I hardly ever rant on social media, but when I visited the recent Social Design exhibition at the Museum für Gestaltung in Zurich, I couldn’t help myself. Here was another noble attempt at celebrating a nascent field for design, but once again, falling short for a number of reasons – which I listed online.
I was thrilled when Gabrielle Kennedy, the editor in chief of DAMN magazine, asked me to turn my post into a proper op-ed piece for the magazine, which was published in their April 2019 issue. What an honor! Thank you for the invitation and for the opportunity to once again revisit the fundamental need to do away with good intentions if we ever want social design to become all it can be. Below a small excerpt of my piece:

When design steps outside of its silo to engage with other disciplines and contexts, the stakes are much, much higher. We’re not just making chairs and lamps, and therefore social design needs better research and assessment, a willingness to listen and embrace complexity, time to develop, mature, test solutions – away from media cycles and yearly product launch calendars. Ultimately, social design is a brave new world. And it needs to do away with the structures that inspired and modelled it in the first place. You want to engage with social design? Then you need to do better. Social design has to be about more than good intentions. It is political, complex, and not easily digestible in feel-good blurbs. It deserves critical analysis and rigorous evaluation. To hell with good intentions – social design deserves better, much better than what we’ve given it so far.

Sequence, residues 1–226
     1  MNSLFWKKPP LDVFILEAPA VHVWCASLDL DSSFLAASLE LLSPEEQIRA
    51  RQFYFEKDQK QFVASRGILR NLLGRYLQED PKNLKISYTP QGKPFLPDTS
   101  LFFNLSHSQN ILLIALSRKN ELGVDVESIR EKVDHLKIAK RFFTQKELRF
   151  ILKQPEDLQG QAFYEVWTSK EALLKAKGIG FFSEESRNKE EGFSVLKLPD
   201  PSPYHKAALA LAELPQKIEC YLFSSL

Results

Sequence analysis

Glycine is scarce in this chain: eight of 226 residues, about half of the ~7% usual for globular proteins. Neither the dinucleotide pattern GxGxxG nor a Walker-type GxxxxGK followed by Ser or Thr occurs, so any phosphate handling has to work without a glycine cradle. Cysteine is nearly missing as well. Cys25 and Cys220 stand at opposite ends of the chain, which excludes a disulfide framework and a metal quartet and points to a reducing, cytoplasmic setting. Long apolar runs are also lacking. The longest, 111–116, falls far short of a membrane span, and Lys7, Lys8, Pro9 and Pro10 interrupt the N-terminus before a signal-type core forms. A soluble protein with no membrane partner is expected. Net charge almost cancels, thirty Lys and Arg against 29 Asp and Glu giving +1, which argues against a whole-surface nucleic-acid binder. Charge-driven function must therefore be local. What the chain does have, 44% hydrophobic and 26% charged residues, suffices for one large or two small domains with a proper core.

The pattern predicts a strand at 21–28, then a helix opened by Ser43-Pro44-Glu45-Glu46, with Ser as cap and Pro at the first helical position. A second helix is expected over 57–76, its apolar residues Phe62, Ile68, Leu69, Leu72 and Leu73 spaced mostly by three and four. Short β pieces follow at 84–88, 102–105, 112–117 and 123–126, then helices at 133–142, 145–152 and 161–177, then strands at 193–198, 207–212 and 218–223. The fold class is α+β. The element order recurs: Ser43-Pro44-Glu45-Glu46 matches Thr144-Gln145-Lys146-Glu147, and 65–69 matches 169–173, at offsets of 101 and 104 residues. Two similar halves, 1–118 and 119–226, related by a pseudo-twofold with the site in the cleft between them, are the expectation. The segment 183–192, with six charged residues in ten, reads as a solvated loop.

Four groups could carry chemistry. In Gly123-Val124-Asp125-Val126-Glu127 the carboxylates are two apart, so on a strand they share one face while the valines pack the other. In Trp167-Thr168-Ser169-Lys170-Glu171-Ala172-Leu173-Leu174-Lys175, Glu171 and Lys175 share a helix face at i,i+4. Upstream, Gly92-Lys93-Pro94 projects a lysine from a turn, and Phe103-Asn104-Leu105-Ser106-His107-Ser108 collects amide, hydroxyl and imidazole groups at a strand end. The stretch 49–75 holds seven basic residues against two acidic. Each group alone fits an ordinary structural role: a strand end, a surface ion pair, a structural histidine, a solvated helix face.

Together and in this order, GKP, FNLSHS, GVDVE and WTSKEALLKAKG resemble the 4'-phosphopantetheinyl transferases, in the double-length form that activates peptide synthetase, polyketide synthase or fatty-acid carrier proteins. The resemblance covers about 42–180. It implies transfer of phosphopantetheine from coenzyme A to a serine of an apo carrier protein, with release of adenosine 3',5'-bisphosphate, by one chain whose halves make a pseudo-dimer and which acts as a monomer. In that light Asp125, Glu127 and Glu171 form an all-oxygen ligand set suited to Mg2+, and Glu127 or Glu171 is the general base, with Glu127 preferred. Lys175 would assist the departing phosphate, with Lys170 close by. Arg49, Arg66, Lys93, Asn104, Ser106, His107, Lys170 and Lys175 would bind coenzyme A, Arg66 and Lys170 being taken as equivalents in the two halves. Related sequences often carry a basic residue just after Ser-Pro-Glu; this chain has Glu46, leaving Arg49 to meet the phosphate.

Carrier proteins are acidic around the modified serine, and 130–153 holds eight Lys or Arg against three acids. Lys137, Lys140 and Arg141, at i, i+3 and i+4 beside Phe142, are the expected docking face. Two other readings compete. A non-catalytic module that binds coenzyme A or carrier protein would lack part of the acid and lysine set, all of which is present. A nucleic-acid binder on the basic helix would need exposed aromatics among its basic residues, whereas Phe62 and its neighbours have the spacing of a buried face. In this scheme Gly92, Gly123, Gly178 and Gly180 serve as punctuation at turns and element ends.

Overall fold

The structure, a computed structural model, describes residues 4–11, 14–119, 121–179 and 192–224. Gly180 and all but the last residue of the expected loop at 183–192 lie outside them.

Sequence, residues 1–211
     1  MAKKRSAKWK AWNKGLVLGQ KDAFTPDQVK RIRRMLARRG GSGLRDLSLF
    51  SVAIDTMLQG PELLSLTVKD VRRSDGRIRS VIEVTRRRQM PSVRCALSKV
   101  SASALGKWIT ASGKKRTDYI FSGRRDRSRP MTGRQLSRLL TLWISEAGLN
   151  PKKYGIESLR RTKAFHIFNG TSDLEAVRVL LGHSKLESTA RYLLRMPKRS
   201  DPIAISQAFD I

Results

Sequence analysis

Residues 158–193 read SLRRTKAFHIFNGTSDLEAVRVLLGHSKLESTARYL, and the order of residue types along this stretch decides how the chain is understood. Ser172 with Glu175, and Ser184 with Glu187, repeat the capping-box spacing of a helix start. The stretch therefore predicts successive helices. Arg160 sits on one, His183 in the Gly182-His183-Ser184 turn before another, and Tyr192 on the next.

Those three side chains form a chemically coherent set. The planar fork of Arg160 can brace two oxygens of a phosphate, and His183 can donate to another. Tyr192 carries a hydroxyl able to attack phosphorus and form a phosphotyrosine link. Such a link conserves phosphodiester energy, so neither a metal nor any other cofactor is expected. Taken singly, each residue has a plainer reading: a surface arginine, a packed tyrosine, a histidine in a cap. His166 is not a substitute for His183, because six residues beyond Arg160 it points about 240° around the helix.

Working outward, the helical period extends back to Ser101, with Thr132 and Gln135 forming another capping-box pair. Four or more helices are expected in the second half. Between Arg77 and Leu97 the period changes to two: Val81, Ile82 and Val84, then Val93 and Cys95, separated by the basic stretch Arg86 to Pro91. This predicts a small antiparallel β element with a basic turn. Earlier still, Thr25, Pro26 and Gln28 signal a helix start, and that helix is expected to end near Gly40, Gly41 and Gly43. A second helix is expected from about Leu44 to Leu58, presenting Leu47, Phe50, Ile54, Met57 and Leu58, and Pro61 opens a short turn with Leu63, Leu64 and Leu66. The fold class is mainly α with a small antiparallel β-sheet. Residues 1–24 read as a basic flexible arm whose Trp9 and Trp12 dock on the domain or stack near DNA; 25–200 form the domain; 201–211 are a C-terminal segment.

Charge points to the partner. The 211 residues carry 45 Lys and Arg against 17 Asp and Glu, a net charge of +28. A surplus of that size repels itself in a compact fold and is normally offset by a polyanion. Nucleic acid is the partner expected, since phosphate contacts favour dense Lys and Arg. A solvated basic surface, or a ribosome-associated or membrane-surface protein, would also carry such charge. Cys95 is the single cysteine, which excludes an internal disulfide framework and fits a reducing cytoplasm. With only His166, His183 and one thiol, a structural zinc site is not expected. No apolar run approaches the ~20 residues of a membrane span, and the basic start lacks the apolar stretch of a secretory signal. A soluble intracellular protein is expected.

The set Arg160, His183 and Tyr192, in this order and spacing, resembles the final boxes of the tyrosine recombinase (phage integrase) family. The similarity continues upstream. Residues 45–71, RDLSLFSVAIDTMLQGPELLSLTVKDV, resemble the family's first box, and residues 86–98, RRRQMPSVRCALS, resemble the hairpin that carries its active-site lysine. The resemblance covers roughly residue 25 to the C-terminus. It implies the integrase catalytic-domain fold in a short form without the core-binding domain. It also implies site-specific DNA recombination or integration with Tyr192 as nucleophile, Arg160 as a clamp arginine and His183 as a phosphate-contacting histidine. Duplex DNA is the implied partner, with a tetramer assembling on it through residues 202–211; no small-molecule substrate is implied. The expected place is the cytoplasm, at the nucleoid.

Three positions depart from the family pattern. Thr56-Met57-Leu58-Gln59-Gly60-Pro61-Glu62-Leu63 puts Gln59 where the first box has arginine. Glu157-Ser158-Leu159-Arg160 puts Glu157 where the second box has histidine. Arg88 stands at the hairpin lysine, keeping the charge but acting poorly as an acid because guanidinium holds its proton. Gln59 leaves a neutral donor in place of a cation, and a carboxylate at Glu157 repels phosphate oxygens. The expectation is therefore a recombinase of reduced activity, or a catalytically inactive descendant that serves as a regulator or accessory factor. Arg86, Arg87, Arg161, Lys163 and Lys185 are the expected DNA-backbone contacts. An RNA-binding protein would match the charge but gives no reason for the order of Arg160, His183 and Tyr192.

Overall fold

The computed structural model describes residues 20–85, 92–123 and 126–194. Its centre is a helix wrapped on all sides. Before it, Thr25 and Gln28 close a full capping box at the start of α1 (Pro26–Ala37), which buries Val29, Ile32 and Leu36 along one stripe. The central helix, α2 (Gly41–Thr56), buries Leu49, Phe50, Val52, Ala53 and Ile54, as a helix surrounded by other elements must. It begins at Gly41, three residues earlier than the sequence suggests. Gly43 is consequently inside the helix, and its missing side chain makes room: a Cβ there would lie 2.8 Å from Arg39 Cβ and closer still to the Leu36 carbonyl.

Looking back on BIO

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Curators of BIO editions past and present. Photograph courtesy MAO.

This Salone marked an opportunity to gather curators of BIO editions of the recent years, and discussed lessons learned and perspectives for the future. It was a pleasure to reminisce on the work I developed with Jan Boelen for BIO 50, the 24th Biennial of Design in Ljubljana, alongside the event’s stellar team and curators from the last three editions. We also discussed the upcoming BIO 16 – Common Knowledge, which will open doors to the public in November this year.

Scratching the Surface